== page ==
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Gates: Putin's Approach Reminiscent of Cold War
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US Defense Secretary Robert Gates on Sunday called for partnership between the United States and Russia to address global concerns such as terrorism.

"We all face many common problems and challenges that must be addressed in partnership with other countries, including Russia," Gates told a security forum attracting senior officials from around the world. "One Cold War was quite enough."

On Saturday, Putin told delegates that the Bush administration had "overstepped its national borders in every way" through its "unilateral, illegitimate" actions. In a no-holds-barred speech, Putin also said US policy had incited other countries to develop nuclear weapons as defense against "almost uncontained use of military force".

In the fiercest criticism of Washington's policies during his seven years in office, Putin said America was destroying the international legal system by bypassing the United Nations and resorting to the unilateral use of force.

Washington's policies and whether they are fomenting a potential new Cold War has dominated the three-day gathering of 250 ministers, military and security officials from around the world.

Gates said Putin's speech had reminded him of the Cold War period, but that it was time to move on.

"Russia is a partner in endeavors," he said. "I think no one wants a new Cold War with Russia."

"But we also wonder about some Russian policies that seem to work against international stability, such as its arms transfers and its temptation to use energy resources for political coercion," he said.

Gates agreed that the war in Afghanistan was a test for NATO's ability to successfully overcome a major global challenge.

"The challenge posed by violent extremism today is unlike anything the West has faced in many generations," he said. "In many ways it is grounded in a profound alienation from the foundations of the modern world religious toleration, freedom of expression and equality for women."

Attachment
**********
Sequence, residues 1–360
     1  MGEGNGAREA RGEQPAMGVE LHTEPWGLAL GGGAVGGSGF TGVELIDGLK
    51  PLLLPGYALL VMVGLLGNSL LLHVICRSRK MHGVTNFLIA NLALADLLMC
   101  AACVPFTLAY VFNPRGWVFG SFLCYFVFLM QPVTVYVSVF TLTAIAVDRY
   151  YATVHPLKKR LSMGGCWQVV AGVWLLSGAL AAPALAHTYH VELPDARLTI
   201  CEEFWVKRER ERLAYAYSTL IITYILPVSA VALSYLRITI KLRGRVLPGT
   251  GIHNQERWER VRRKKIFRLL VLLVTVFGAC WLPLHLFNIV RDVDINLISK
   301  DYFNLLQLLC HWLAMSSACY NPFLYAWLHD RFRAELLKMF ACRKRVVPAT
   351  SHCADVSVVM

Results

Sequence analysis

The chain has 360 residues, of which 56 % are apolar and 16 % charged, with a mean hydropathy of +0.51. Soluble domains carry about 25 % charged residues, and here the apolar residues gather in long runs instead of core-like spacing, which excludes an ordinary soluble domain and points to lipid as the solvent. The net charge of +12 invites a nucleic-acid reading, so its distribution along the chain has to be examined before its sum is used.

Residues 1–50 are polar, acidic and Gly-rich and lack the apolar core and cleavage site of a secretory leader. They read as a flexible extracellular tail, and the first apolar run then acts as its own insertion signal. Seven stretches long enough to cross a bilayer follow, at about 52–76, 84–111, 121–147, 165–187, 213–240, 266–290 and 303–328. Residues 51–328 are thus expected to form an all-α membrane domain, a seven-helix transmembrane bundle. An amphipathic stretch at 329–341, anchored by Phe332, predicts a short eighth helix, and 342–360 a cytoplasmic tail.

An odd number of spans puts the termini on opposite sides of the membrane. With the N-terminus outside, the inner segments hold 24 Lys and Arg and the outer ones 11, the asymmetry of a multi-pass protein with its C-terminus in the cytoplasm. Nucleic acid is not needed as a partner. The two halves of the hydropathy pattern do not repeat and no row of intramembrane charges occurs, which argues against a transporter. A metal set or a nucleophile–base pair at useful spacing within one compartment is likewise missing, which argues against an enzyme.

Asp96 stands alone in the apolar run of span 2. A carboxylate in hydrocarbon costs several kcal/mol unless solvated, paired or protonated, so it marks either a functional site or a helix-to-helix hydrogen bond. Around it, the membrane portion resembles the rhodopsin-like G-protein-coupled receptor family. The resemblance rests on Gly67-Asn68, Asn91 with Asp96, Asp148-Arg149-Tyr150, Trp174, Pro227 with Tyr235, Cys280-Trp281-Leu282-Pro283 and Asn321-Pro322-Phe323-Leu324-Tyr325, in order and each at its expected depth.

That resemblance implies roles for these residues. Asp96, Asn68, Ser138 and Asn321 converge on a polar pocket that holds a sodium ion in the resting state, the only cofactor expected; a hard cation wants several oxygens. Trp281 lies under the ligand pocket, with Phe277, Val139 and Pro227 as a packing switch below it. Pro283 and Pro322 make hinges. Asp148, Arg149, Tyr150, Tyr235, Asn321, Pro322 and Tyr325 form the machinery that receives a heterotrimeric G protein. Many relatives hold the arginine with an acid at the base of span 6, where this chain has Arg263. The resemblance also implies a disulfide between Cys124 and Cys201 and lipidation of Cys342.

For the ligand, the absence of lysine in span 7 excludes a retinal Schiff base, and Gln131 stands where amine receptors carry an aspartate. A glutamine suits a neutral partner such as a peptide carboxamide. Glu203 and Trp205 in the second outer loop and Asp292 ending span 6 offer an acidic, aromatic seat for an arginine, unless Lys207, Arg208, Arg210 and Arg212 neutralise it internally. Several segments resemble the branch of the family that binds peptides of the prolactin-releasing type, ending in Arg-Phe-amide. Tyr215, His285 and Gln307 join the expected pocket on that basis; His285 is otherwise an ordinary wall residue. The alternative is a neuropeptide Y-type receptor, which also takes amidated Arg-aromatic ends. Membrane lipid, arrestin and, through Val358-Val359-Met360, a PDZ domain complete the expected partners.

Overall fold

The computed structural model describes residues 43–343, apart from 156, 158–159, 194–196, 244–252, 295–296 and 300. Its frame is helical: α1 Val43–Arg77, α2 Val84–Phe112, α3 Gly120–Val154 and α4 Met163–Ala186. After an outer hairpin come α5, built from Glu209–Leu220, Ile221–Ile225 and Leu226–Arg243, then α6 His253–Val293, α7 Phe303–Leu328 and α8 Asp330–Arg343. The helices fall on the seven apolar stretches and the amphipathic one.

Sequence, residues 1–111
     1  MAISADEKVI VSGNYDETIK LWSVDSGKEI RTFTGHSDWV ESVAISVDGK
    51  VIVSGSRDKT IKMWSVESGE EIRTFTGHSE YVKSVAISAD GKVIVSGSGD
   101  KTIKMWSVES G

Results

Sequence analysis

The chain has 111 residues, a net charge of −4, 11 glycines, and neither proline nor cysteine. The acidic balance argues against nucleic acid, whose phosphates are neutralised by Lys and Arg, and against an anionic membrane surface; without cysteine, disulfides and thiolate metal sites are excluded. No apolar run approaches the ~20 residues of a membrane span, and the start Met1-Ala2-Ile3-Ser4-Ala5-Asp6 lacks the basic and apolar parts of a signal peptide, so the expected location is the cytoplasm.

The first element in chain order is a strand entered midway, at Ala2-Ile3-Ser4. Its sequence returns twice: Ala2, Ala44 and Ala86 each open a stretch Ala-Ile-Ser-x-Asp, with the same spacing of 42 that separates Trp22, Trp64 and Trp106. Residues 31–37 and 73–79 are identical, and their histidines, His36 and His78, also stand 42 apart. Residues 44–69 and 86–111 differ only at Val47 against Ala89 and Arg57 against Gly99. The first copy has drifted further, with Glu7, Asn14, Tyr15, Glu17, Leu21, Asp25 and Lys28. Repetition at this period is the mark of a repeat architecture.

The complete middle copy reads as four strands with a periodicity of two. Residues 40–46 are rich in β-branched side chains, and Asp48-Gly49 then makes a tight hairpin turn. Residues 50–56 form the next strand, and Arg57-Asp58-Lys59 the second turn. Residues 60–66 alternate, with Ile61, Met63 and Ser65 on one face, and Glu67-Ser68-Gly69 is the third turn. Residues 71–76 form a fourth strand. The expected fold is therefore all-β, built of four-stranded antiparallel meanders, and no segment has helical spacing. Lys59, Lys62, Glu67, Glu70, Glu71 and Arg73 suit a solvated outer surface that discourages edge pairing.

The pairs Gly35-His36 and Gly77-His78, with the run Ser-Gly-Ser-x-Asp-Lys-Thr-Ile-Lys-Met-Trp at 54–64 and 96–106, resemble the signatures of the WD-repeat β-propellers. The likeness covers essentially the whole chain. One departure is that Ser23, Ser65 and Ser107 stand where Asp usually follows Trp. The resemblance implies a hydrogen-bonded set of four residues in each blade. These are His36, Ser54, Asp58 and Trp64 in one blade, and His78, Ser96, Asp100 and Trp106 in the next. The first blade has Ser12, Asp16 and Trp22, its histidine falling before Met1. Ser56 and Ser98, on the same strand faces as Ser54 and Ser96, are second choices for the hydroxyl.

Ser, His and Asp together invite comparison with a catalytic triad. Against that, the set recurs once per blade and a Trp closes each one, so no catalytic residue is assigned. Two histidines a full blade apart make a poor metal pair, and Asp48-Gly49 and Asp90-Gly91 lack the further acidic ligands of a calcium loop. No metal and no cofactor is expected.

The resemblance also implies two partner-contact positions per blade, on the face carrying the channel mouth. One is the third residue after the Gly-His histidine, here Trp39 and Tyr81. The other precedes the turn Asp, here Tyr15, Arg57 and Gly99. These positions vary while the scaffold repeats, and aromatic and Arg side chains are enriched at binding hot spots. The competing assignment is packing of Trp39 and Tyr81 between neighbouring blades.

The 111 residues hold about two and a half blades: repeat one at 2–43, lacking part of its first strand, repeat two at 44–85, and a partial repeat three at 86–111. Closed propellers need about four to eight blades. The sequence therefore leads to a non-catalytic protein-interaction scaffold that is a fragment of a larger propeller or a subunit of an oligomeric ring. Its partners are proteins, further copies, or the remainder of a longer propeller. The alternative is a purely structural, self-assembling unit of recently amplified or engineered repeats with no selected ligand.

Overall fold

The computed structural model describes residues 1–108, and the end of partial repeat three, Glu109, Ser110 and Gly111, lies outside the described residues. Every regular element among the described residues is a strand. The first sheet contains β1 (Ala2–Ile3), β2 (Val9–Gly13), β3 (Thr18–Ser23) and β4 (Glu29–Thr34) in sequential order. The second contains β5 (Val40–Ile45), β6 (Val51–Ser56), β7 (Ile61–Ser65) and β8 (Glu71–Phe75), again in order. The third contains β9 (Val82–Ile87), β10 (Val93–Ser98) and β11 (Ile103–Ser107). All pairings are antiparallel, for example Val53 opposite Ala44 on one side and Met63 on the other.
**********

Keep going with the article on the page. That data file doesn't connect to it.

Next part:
Viktor Ozerov, the head of the defense committee in Russia's upper house of parliament, openly questioned whether the United States was seeking a new Cold War. Gates' comments to Congress last week, caused Ozerov's reaction, since the new US Defense Secretary stated the United States could not predict developments in places like Russia, North Korea, China and Iran, seemingly painting these states with the same brush.

Ozerov also mentioned the "Jackson-Vanick" amendment which restricts Russia-US relations. Imposed in 1974 to expedite the emigration of Jews from the Soviet Union to Israel, Congress has not yet repealed this amendment for Russia although it has already done so for other former Soviet Union states.

"When you say that we have to adopt the values of the West, we are prepared to move to them but not all of them if such values say you can deliver military blows outside the resolutions of the UN Security Council," Ozerov said.

Russian Defense Minister Sergey Ivanov on Sunday further defended President Vladimir Putin's heavy accusation against the United States over NATO's expansion.

"I don't think Putin's remarks are aggressive," he told reporters at a press conference following the high-profile security conference.

Putin's remarks were simply a reminded that the United States is breaking promises it made a decade ago that NATO would not expand closer to Russian borders, said the minister.

Russia, for its part, has no intention of starting a second Cold War, he added.
Russia remains committed to the non-proliferation of arms, but the United States' military spending has increased exponentially since the Cold War, sparking grave concerns across the world, said the minister.

Other speakers also referred to Putin's remarks.

"None of us find it easy to switch from the Cold War phase to shared global responsibility," German Foreign Minister Frank-Walter Steinmeier said.

However, Steinmeier also delivered a jab to the United States. "Many in the US are now learning that democracy cannot be imposed by military force," he said.

The three-day Munich security meeting that ended Sunday focused on NATO's role, the Middle East peace process, transatlantic relations, the West's relations with Russia and the fight against international terrorism.

Putin Slams US Foreign Policy in Munich

(China Daily via agencies, Xinhua News Agency February 12, 2007)

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